High above, on the 40th floor, the first two residents were preparing to leave.
All day Anthony Royal and his wife had been packing. After lunch in the deserted restaurant on the 35th floor they returned to their apartment, where Royal spent what he knew would be his last hours in the high-rise closing down his design studio. In no hurry to leave, now that the moment had come for them to abandon the building, Royal deliberately took his time over this last ritual task.
The air-conditioning had ceased to function, and the absence of its vague familiar hum – once a source of minor irritation – made Royal restless. However reluctantly, he was now forced to recognize what he had been trying to repress for the past month, despite the evidence of his eyes. This huge building he had helped to design was moribund, its vital functions fading one by one – the water-pressure falling as the pumps faltered, the electrical sub-stations on each floor
off, the elevators stranded in their shafts.
As if in sympathy, the old injuries to his legs and back had begun to keen again. Royal leaned against his drawing-stand, feeling the pain radiate upwards from his knees into his groin.
Gripping the chromium cane, he left the studio and moved among the tables and armchairs in the drawing-room, each shrouded in its dust-sheet. In the year since his accident he had found that constant exercise alone held back the pain, and he missed the games of squash with Robert Laing.
Like his own physicians, Laing had told him that the injuries sustained in car-crashes took a great deal of time to heal, but Royal recently had begun to suspect that these wounds were playing a devious role of their own.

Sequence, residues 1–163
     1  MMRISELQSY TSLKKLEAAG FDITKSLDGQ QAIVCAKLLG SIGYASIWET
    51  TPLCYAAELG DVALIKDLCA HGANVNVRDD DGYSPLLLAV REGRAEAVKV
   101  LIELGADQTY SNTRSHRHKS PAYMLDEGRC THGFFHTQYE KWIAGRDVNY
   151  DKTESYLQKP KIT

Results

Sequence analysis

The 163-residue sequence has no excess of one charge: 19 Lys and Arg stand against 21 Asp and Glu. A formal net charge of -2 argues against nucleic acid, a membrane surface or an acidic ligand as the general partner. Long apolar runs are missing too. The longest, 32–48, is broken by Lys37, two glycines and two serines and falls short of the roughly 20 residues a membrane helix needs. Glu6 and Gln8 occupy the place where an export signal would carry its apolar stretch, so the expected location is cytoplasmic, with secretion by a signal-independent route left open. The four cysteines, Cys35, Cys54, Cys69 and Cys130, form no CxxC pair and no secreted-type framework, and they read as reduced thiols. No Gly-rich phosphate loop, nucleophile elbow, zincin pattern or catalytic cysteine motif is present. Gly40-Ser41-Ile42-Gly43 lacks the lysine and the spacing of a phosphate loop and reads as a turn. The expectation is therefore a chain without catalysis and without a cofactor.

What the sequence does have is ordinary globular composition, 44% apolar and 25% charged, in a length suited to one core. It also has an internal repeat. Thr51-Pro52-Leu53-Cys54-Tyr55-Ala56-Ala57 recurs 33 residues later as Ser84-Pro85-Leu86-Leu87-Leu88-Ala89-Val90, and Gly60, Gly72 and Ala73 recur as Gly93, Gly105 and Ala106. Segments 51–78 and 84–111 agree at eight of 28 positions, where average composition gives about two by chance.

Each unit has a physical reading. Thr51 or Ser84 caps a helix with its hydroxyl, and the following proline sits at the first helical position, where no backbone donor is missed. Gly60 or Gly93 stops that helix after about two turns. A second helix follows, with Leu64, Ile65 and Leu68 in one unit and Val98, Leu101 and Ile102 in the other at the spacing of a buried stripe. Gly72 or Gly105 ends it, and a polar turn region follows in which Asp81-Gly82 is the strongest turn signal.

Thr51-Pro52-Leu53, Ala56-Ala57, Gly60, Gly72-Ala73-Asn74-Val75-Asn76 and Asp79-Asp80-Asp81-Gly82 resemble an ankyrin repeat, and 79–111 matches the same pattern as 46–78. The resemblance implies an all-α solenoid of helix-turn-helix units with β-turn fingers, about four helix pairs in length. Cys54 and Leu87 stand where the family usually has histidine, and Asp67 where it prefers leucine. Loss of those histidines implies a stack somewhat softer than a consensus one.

The three suitcases he had packed that morning stood ready in the hall. Royal stared down at them, for a moment hoping that they belonged to someone else. The cases had never been used, and the prominent part they would soon play in his personal Dunkirk only rubbed in the humiliation.
Royal returned to the studio and continued to take down the architectural drawings and design studies pinned to the walls. This small office in a converted bedroom he had used for his
Work on the development project, and the collection of books and blueprints, photographs and drawing-boards, originally intended to give a sense of purpose to his convalescence, had soon become a kind of private museum. The majority of the plans and design studies had been superseded by his colleagues after the accident, but in a strange way these old frontal elevations of the concert-hall and television studios, like the photograph of himself standing on the roof of the high-rise on hand-over day, described a more real world than the building which he was now about to abandon.
The decision to leave their apartment, already postponed for too long, had been difficult to take. For all his professional identification with the high-rise as one of its architects, Royal’s contribution had been minor, but sadly for him had concerned those very sections which had borne the brunt of the residents’ hostility – the 10th-floor concourse, the junior school, the observation roof with its children’s sculpture-garden, and the furnishing and design of the elevator lobbies. Royal had gone to immense care in the choice of wall surfaces, now covered by thousands of aerosolled obscenities.